Richard Kraut proposes instead that Aristotle identifies happiness with only one type of good: excellent activity of the rational by:   [Aristotle says that political science is the science which studies the good for humans.] This leads us to Aristotle’s conception of government and society.

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In brief, Aristotle believed that societies can only survive and flourish if there is some basic agreement about issues of private morality. In the quest to find out what is the ultimate human good, Aristotle dedicated Book 1 of the Nicomachean Ethics to provide an account of what is the ultimate human good, and what it consists of.

This essay will examine why Aristotle thinks that eudaimonia (happiness), is the ultimate human good. Through this discussion, we will see Aristotle suggest four central views which are critical to. Now we are ready to begin the main argument of Book I: the attempt to discover the good for human beings.

Aristotle first notes in chapter 4 that almost all would agree on giving it a certain name. That name is eudaimonia—literally, “being blessed with a good daimon.” The book. In defense of this reading, Kraut discusses Aristotle's attempt to organize all human goods into a single structure, so that each subordinate end is desirable for the sake of some higher goal.

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This book also emphasizes the philosopher's hierarchy of natural kinds, in which every type of creature achieves its good by imitating divine life. In the Nicomachean Ethics, Aristotle argues that the end is only good when pursued in moderation.

The city-state, therefore, is the end and perfection of natural associations. Aristotle reveals. Aristotle, Nicomachean Ethics: Best Good In the Nichomachean Ethics, Aristotle writes, “perhaps we shall find the best good if we first find the function of a human being” (b25).

For Aristotle, this “best good” is the only purely non-instrumental good, happiness. He believes that for. When he makes the best of the leather he has available, and makes a good shoe. But what of human beings in general. When is man good. What is a good human. If this worked the same way, we’d need to know what the purpose of a human was, so that we could see if a human fulfills this purpose well.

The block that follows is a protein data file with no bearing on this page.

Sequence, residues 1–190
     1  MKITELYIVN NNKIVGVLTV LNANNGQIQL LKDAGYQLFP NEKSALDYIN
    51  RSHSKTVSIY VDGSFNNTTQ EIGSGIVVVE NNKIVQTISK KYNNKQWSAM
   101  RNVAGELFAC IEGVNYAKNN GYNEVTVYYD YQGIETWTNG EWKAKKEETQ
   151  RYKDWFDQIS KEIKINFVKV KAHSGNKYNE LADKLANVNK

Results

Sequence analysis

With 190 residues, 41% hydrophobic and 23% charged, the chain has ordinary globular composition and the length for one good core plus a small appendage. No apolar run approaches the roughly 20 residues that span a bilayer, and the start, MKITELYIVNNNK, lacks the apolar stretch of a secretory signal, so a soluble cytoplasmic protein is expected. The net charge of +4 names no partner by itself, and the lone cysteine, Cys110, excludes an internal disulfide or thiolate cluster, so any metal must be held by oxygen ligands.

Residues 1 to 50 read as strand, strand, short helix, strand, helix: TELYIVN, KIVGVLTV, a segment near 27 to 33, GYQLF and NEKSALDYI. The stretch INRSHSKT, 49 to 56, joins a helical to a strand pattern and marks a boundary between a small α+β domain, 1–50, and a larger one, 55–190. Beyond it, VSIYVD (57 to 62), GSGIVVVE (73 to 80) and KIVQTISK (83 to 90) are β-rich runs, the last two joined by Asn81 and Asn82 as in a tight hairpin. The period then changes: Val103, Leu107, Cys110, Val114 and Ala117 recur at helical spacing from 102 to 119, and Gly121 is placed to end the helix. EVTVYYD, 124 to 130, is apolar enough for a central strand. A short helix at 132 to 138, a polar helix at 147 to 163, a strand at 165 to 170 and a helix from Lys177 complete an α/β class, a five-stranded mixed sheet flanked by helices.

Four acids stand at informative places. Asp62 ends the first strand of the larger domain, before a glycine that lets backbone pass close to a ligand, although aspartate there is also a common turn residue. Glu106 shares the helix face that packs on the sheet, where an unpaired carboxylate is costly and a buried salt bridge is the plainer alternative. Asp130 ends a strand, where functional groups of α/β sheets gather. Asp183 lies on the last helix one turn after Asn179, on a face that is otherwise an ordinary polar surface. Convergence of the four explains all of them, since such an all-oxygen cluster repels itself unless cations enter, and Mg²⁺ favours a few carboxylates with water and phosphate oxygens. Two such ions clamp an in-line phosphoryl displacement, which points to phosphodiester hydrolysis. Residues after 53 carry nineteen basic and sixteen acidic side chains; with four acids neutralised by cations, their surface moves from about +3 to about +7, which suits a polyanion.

For Aristotle, everything has a purpose. Humans too. Aristotle's Nicomachean Ethics, which equates the ultimate end of human life with happiness, is thought by many readers to argue that this highest goal consists in the largest possible aggregate of intrinsic goods.

Richard Kraut proposes instead that Aristotle identifies happiness with only one type of good: excellent activity of the rational by: The highest human good is the same as good human functioning, and good human functioning is the same as the good exercise of the faculty of reason—that is to say, the activity of rational soul in accordance with virtue.

Plato, Aristotle and many others promised to teach their students how to lead lives that were happy, in accordance with human nature, and, above all, lives that were good. Aristotle describes three different kinds of lives in Nicomachean Ethics.

These three lives consists of the life of honor, the life of pleasure, and the life of study. Aristotle, from the first book, insists that the life of study or contemplation is considered to be the best life.